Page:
As much as 60 percent of the country's power generation capacity remained unutilised in 2020 because of a lack of demand for electricity.
The growing overcapacity has significant financial implications for the government and might affect the costs of electricity, experts said.
The unused capacity was 57 percent in 2019, said a report by the Institute for Energy Economics and Financial Analysis (IEEFA) released on Wednesday.
The power generation against capacity was 45 percent in fiscal year 2017-18 and around 48 percent the year before, according to Bangladesh Power Development Board (BPDB) data.
Power plants have the daily capacity of generating 20,383MW of electricity, but the maximum power generation in a day was 12,738MW, according to the BPDB.
Power generation growth was just 1.26 percent in 2019-20, barely keeping pace with population growth. The IEEFA report attributed it to the economic impacts of Covid-19.
If power generation doesn't increase by 10 percent over the next five years, the utilisation will fall below 40 percent, the report warned.
Meanwhile, power plants capable of generating 15,294MW are being constructed and around 21,000MW will be added to the national grid by the end of 2025. By the same time, about 5,501MW existing capacity will be reduced, said the BPDB annual report from 2020.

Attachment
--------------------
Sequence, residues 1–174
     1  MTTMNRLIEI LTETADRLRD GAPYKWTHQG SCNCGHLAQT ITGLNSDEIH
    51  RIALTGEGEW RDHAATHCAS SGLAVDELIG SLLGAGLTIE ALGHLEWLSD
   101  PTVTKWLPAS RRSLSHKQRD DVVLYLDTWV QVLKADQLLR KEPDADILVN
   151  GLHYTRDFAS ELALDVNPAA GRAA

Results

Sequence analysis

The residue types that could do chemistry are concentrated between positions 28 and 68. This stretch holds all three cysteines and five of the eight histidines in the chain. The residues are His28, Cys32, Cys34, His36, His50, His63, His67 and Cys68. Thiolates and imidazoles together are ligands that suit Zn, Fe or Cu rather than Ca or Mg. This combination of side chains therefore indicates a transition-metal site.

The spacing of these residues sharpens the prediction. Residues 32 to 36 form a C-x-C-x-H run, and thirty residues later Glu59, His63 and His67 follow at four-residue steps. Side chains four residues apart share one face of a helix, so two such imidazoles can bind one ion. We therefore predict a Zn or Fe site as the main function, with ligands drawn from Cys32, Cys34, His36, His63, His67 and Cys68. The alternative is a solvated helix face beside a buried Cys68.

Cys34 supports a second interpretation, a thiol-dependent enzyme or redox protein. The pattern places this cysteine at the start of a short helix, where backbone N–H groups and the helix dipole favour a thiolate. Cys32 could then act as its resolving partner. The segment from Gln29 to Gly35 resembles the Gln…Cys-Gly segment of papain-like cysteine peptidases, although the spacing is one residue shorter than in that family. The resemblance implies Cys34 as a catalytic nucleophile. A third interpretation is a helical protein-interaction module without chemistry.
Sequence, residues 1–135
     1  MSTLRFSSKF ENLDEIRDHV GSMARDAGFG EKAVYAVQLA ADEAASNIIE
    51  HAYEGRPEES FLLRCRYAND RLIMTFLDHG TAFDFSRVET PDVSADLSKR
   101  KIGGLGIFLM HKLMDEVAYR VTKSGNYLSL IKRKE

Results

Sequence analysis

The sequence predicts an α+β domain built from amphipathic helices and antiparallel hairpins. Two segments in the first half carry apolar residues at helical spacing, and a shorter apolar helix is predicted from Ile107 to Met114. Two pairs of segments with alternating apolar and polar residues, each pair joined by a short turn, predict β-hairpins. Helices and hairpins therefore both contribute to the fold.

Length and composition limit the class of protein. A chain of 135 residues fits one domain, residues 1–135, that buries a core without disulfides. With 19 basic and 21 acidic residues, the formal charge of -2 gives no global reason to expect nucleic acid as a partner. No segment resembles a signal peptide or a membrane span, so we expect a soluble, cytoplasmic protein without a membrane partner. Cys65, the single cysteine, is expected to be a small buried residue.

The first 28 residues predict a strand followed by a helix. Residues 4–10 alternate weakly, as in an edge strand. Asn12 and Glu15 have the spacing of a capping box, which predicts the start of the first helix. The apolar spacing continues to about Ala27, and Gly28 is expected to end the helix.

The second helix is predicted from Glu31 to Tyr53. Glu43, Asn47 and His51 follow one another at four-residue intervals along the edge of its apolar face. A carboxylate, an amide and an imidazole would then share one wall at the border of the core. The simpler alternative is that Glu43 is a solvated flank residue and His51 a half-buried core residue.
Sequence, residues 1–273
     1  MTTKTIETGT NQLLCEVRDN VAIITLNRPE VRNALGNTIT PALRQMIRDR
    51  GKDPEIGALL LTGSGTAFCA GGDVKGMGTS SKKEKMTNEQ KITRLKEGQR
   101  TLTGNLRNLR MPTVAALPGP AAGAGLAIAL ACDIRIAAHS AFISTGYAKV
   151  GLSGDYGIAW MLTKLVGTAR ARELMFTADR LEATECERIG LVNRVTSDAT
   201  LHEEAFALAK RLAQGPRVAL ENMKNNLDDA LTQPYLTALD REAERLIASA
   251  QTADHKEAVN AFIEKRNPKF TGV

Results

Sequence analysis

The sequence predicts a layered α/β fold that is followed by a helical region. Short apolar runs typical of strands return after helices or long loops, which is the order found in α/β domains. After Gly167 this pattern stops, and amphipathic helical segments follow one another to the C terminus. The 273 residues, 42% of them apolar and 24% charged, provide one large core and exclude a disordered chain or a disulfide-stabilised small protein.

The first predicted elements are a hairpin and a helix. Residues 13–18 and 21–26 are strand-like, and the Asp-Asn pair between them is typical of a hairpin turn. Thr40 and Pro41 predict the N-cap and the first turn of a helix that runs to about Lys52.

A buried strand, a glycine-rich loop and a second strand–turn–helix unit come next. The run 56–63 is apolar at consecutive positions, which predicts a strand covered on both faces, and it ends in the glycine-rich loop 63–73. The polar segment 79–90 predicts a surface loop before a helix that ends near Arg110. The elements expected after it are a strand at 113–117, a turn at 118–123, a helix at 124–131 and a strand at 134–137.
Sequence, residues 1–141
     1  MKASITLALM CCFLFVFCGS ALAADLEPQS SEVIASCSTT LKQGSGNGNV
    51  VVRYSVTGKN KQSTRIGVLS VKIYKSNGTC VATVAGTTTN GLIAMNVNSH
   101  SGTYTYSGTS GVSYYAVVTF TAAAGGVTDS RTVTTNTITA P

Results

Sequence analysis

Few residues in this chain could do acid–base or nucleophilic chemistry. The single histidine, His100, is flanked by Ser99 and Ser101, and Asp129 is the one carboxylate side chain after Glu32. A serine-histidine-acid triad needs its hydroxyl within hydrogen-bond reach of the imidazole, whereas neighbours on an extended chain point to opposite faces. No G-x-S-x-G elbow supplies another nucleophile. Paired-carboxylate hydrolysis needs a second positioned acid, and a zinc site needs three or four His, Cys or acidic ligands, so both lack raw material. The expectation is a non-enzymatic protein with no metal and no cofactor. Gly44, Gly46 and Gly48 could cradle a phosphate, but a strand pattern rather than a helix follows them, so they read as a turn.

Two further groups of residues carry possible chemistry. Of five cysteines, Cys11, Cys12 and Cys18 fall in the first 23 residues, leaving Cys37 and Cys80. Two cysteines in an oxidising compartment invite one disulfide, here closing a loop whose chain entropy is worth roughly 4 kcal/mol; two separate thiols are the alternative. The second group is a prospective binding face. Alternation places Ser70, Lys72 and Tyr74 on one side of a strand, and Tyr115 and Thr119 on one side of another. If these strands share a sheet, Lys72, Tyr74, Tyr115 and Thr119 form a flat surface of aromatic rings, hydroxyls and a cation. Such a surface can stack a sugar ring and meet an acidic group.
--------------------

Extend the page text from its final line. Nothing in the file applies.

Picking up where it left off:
In accordance with the demand, between 8,000MW and 12,000MW of electricity is being generated every day.
Engineer Shamsul Alam, energy advisor for the Consumer's Association of Bangladesh, said, "It is possible for a baseload power plant to keep running round the clock. But most of the power plants approved by the government are peaking power plants. These plants run three to four hours each day during peak hours. These plants are the results of wrong planning.
"It is a mystery why the power generating capacity is being increased this way. Most of these plants were not constructed through solicited, open tender competitions."
There are allegations that some people built the small power plants just to take the money against the plant's generating capacity.
The government has to pay a 100MW power plant around Tk 90 crore per year, said a BPDB official preferring anonymity.
Tk 7,500 crore was spent in subsidies for power in FY 2019-20, which was almost as much as the capacity charges of private power plants.
The BPDB pays for the oil, gas, coal or any fuel used in the private and government-owned plants.
The authorities, however, hold different views on capacity.
"The annual surplus should not be counted. We will have to count the demand and maximum generation," BPDB Chairman Belayet Hossain told the Daily Star.
He said that the BPDB has the electricity generation capacity of around 20,000MW and generated 13,000MW.
"Of the capacity, 35 percent is needed for various reasons. We need five percent for the plant's own use, 10 percent for maintenance, 10 percent for spinning capacity and another 10 per cent for system loss," said the BPDB chairman.
"We are doing what we have planned. We expect the demand to rise, we don't want to suffer shortage," he added.